My entry to The Jacket – A Call to Arms REDUX


I entered a blog contest.  The “judge” bought a green plaid jacket at the Goodwill, and when she got home she found a clean folded kleenex and a scap of paper with the name Tom Wojciechowski written on it.  Our assignment was to write a story about how the name came to be in the pocket.  Here was my entry, that was posted last Friday:  (The winner has not been declared yet).

green plaid jacket

Tom Wojciechowski.  A name that will live in infamy.  A name that came to mean the world to me, in a time when the date itself would live in infamy.

It was 1943 and my old friend Bob Hope talked me into going on tour with the girls.  So Betty Grable, Marlene Deitrich and I jumped a cargo plane to go entertain our troops in the middle of WW II.  It was a whirlwind in more ways than one.

It was after a show, and the girls and I loved to give the troops an extra surprise and dance with as many of those fine lads as possible.  Even though our feet were hurting in our high heels, and our stockings were starting to sag, we put as much energy as we could into jitterbugging along.

It was one of those nights when I met Tom Wojciechowski.  A tall, skinny G.I. with the bluest eyes I had ever seen.  He shyly approached and asked his buddy if he could cut in.  Boy that kid could jitterbug!   After a few rounds on the dance floor we adjourned to the makeshift bar for a cool drink.  And he started to talk.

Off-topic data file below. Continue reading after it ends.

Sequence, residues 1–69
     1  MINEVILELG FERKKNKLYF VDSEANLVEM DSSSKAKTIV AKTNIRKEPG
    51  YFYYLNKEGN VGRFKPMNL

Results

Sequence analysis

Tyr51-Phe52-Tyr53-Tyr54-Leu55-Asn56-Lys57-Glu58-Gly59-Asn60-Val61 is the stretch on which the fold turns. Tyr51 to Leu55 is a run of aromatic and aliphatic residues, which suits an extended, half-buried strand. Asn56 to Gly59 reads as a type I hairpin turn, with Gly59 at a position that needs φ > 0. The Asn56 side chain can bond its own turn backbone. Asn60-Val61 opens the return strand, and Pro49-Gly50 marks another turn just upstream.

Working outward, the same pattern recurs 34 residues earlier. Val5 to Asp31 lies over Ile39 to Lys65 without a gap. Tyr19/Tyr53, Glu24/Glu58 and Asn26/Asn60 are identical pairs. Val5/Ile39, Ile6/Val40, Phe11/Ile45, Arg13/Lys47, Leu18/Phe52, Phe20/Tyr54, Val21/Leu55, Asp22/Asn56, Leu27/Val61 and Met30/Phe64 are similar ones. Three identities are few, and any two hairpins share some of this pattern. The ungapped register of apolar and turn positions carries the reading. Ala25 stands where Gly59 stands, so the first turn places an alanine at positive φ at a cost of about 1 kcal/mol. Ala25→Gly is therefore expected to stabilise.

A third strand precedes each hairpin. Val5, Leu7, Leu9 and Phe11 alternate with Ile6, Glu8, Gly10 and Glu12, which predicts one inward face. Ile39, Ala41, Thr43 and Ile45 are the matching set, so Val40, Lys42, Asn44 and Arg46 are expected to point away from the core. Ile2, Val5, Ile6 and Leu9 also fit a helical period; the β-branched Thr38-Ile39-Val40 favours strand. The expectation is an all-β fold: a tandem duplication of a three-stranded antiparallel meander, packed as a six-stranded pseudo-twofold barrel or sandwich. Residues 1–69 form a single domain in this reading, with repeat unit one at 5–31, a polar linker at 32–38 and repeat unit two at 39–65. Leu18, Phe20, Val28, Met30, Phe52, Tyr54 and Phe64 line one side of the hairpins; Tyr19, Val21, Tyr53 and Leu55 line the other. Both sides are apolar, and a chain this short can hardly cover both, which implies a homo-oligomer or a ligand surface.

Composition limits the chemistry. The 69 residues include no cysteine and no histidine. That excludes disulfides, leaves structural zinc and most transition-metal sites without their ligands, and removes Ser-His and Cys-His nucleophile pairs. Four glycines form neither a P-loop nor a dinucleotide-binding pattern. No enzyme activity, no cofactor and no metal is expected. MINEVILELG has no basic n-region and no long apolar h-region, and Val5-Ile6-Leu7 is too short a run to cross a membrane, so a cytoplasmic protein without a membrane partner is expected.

We talked for hours and hours, long after the dance was over.  He was the most interesting young man I had ever met.  I admired his courage in face of such adversity in the war.

All too soon, the sun came up, and it was time for him to go.  He took out a scrap of paper and wrote his name, Tom Wojciechowski.  He carefully folded into a clean Kleenex and handed it to me.  I put it into my jacket pocket, and we both went on our way.  Me to rest a bit before my next show that night, and he to go on a mission, his “call to arms”.

That evening, I searched the crowd for his face.  I did not see him.  I asked about him later at the dance.  One of his comrades told me sorrowfully that Tom never came back from his mission.  He was MIA.  My heart clenched at that thought, and I fingered the scrap of paper still residing in my pocket.  I swore that I would look at his name, Tom Wojciechowski, every day, until he came home.

That scrap of paper went everywhere with me for years and years, always in my pocket, in a fresh Kleenex.  He never came home.  In 1955 when I sang Somewhere Over the Rainbow, I silently dedicated the song to him, Tom Wojciechowski, a name I never fogot.  My name?  Judy Garland.